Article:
Thursday, November 27, 2008

Movie Song of the Week: “The Yam”

Yes, I suppose I could have found something musical that was more Thanksgiving-related than this number but why bother? After all, yams are going to be part of many a Thanksgiving feast today and besides, the sight of poor Ginger singing and dancing her heart out is something that should not passed over for the likes of some turkey.

Besides, I actually liked the movie from which this number came from -- 1938's Carefree -- and I relish the opportunity to give it some free publicity. Not that Fred and Ginger need any help from yours truly, but still...

I hope you all enjoy it.

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Movie Quote of the Week

It's so hard to be good under the capitalistic system.
--Glenda Farrell, Gold Diggers of 1937 (1936)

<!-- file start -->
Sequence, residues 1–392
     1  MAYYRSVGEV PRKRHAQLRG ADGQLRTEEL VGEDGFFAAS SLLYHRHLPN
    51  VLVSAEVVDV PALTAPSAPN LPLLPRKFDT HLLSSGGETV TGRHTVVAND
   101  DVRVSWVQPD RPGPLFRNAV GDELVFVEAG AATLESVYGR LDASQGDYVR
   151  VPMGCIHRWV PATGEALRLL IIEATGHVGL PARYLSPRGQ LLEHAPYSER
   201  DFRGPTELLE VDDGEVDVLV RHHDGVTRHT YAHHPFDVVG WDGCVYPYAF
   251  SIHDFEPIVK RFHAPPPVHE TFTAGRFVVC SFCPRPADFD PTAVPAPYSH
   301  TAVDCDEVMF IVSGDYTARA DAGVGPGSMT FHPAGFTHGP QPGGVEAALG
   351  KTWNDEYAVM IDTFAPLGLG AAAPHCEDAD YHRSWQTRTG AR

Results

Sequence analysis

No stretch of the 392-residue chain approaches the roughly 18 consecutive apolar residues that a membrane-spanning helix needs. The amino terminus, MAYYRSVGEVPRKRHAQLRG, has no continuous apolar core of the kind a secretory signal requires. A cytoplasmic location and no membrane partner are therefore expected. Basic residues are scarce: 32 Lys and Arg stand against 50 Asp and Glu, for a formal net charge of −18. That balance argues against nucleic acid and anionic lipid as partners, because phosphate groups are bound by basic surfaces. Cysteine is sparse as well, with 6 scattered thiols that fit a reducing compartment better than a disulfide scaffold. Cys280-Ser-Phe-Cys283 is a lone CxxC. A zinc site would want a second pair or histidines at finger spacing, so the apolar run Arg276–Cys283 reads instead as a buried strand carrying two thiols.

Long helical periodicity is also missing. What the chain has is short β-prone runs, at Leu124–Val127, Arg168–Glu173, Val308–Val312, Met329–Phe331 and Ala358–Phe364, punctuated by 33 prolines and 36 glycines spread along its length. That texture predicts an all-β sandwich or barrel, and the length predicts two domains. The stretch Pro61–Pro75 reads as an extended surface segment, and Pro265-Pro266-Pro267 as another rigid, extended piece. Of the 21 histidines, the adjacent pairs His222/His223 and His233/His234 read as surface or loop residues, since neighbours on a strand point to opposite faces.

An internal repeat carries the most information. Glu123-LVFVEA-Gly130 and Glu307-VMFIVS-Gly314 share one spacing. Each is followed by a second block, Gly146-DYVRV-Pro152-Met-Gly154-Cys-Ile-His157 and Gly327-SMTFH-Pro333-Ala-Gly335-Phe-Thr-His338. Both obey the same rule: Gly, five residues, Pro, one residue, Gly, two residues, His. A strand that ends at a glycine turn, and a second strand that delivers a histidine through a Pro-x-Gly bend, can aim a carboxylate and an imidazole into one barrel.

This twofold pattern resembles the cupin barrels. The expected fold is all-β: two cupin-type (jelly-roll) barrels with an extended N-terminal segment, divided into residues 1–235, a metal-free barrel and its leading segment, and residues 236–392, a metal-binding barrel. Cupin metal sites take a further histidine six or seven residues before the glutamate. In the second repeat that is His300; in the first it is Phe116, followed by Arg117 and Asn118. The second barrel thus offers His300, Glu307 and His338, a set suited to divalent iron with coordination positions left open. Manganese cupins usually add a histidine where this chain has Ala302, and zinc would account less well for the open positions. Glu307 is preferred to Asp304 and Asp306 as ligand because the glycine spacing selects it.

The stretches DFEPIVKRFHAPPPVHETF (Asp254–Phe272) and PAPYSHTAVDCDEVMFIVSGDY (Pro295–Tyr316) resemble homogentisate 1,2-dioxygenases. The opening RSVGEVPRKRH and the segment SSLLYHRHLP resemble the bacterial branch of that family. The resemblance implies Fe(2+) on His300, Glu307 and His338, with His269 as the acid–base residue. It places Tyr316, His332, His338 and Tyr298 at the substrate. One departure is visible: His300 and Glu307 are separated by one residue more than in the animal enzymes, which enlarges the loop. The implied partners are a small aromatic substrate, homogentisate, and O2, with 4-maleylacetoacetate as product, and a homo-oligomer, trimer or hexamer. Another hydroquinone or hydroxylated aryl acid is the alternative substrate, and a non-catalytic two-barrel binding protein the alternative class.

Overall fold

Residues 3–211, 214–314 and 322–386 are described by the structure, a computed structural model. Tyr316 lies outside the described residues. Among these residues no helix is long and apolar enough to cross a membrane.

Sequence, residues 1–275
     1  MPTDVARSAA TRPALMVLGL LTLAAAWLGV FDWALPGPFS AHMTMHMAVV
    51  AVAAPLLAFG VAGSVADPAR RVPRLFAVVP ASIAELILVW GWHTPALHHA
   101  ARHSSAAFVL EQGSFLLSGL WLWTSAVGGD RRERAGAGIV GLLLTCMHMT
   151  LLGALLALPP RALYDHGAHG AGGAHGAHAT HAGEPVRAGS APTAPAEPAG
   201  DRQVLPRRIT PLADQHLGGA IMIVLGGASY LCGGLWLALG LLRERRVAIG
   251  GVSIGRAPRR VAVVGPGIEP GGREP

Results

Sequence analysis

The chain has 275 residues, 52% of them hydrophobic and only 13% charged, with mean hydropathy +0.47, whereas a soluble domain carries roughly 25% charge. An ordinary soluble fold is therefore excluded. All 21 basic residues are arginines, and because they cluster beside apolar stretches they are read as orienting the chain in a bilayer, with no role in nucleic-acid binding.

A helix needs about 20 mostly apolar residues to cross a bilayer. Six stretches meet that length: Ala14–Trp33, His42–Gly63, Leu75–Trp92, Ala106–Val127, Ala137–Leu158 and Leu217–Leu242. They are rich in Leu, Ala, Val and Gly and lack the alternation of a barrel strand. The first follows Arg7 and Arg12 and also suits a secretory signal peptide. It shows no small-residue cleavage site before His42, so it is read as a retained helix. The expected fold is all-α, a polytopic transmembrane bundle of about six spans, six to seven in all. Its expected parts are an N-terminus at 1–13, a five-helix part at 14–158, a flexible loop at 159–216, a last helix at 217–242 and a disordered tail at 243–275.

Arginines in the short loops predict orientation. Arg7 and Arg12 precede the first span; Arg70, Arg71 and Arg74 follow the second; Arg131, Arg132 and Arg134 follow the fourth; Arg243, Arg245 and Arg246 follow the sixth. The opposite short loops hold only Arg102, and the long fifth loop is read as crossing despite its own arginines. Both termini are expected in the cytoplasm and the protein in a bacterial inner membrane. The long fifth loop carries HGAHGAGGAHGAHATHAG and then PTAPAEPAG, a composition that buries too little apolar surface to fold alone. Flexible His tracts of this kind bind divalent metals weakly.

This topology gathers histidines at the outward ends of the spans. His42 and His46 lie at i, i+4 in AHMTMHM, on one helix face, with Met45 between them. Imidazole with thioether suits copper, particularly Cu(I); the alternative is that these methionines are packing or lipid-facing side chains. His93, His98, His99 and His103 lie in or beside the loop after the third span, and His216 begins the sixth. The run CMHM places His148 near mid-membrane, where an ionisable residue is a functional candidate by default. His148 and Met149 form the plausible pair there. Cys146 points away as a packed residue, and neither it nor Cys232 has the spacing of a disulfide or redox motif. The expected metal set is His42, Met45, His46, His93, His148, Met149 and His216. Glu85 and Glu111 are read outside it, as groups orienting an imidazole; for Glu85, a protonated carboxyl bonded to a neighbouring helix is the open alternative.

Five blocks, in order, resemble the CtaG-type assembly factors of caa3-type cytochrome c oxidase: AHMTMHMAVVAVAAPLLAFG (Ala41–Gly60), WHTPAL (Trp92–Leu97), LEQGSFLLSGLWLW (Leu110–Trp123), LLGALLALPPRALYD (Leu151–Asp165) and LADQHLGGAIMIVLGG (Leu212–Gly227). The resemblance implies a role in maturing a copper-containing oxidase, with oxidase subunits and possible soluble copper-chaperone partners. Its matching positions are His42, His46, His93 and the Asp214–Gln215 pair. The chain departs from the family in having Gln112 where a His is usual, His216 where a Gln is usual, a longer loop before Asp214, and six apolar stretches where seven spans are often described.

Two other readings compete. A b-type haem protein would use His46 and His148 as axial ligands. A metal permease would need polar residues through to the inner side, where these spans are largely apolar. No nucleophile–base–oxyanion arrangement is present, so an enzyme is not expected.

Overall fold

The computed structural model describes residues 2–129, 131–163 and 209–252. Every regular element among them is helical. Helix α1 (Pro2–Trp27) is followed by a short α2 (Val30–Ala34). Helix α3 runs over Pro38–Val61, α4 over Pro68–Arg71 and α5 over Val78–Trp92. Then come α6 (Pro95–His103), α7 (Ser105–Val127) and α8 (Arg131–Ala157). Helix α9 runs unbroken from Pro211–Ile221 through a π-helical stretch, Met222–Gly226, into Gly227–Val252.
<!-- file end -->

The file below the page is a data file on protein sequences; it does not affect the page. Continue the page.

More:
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TV Quote of the Week

As God is my witness, I thought turkeys could fly.
--Gordon Jump, WKRP in Cincinnati, “Turkeys Away”

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Mi Semana Loca

I was hoping to post a bit more on my blog this week but I got caught up in a lot of holiday-related stuff instead.

On the plus side, I actually cut back on my driving to the point where my car actually reached the date of its next oil change before it reached the mileage point for it. Plus I actually cut back on my spending to the point where I'm not hitting the ATM as often as I used to.